Sturm
May 3, 2005, 12:32 AM
Thanks cheygriz, could be intrestin'. On the subject of SIMMONS, I want to be clear to all of you guys that I am only talking about their top of the line and in reality only 2. Their "premium" .22 Rimfire Target Scope and the 44 MAG. A lot of good info is in this thread, but I'm still gonna cheapskate a little and look at that Pentax! ;)

LAK
May 3, 2005, 06:00 AM
Might check out Fujinon. I have never handled their scopes, but their glass/coating combinations have a very high reputation indeed - as does the robust construction of their binoculars.

TheEgg
May 4, 2005, 03:17 PM
Have heard good things about the Weaver Grand Slam

I have 2 of these on different rifles and have been very pleased with them, meaning that they have done all I have wanted and more, never coming up lacking in any respect.

I think they outperform my Leupold scopes, by a small margin. Having never owned and used some of the uber-high end brands mentioned by others on this thread, I cannot give usefull comparison there.

J. Scott
May 4, 2005, 04:39 PM
Might I also suggest you check out Super Sniper scopes at www.swfa.com
I have one of these in 16x on my Savage 10FP tactical .308. I'm not suggesting that these are the best optics out there, but I do think they are the best for the money. They come in fixed powers, 30mm tube, mil dot and they have 120MOA adjustment so that you won't need a 20MOA base. I just used mine for the first time at 600yds (up 14moa) from a 100yd zero. I'm going to shoot at 100 tomorrow to see how it performs, I expect it to be at 0.
I'll let you know what happens.
J.

Greywolf
May 4, 2005, 05:06 PM
Nailed down a GREAT deal on a Zeiss Conquest 4.5-14x44 scope today with BC Flip-ups for $450 - wow!

FirstFreedom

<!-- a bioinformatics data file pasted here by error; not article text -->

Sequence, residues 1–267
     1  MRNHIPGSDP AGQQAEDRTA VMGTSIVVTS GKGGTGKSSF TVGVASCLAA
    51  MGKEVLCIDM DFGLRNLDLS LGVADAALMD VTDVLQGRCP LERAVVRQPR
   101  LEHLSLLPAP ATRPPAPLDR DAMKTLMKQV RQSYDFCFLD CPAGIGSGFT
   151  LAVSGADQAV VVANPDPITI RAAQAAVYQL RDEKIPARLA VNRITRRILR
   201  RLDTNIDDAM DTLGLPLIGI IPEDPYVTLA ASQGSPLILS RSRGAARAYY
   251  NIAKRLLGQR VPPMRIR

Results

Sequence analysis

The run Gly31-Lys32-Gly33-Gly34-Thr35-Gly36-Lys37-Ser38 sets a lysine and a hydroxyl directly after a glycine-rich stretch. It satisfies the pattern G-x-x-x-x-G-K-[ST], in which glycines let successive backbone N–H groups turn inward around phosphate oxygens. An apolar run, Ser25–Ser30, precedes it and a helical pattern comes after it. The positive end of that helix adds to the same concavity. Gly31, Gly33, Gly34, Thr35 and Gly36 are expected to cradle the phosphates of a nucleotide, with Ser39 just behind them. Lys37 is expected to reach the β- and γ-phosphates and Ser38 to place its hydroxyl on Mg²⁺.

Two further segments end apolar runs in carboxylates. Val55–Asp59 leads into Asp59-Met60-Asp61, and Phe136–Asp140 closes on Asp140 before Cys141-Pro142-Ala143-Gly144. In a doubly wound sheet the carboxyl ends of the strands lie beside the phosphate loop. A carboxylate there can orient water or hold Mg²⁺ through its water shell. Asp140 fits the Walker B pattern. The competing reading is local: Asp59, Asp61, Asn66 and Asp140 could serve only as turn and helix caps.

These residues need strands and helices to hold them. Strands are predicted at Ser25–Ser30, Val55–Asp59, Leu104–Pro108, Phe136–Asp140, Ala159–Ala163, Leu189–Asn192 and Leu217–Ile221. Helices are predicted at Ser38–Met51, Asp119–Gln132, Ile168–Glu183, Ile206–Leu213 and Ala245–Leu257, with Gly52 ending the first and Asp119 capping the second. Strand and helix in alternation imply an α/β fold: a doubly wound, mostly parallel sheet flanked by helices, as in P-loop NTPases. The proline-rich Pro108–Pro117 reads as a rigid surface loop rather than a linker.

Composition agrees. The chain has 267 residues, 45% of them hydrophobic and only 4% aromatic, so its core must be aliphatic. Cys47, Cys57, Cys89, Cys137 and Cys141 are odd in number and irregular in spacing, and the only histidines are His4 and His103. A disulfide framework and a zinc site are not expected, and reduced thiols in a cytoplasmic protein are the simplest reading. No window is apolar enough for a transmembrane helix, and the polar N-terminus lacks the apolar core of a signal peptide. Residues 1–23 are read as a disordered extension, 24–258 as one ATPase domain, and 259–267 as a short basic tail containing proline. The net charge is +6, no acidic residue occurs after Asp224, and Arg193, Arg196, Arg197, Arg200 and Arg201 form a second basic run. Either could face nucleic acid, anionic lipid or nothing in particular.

May 4, 2005, 05:56 PM
My understanding (could be all wet) is that these are some of the better *values* out there:

-Weaver Grand Slam
-Bushnell Elite 4200 & Elite 3200
-Swift Premier
-Simmons Aetec (is the .44 Mag higher or lower than the Aetec line? I thought lower)
-Sightron SII
-Super Sniper (by Tasco) -the fixed 16 or fixed 20 might meet your needs.
-Zeiss Conquest

I think you will get slightly better light transmission from a 30mm tube over a 1" tube scope, however, if one of them is in your price range, like the Pentax. I dunno, so many choices your head can spin. Can never go wrong with a Leupold either - there's sure to be one in your price range, but not a side focus Loopy. I've got a real woody for the Bushnell Elite 3200, 2-7x32mm - just got one the other day for my Saiga .308 - sure seems like a lot of scope for the $179.95 + tax that I paid, considering the rainguard coating. Here's what Bushnell claims about their 4200 Elite line:

The brightest scope in the world. Period. Boasting 95% light transmission at 550nm, this is our top-of-the-line riflescope. Our exclusive, hydrophobic RainguardĀ® lens coating disperses condensation into microscopic specks, allowing you to literally see around moisture. All optical lens surfaces are fully multi-coated for maximum light transmission and the sharpest image. The ultra-strong one-piece tube is hammer-forged from an aluminum and titanium alloy for 30% more strength than standard aluminum scopes. Finally, our EliteĀ® 4200 scopes offer some of the largest magnification ranges in the industry for optimum versatility in the most challenging hunting situations. The scope's rugged design is recoil tested to 10,000 rounds of a .375 H&H magnum. If you're a serious hunter the Elite 4200 will do justice to your commitment. Sounds good, but grain of salt and all that, ya know.

J. Scott
May 5, 2005, 05:39 PM
I see you found a scope, sounds like a good deal, be sure and let us know how it works out and tracks for you. As I said yesterday that I would report back on the tracking of the SS16x, all :) 0 is 0 :D

Sturm
May 5, 2005, 06:06 PM
FF, the Aetec was the more expensive of the 2 at one time, and I'm thinkin' due to the Aesherical lense. I don't know what the actual numbers are, but the Aetec had a higher return for service rate and the 44 MAG seems to hold up pretty well. I think, but would have to check, that SIMMONS upgraded the 44 MAG to a new top of the line, after the WEAVER GRAND SLAM hit the market and they are owned by the same folks!

Greywolf, what a deal, 4.0! ;)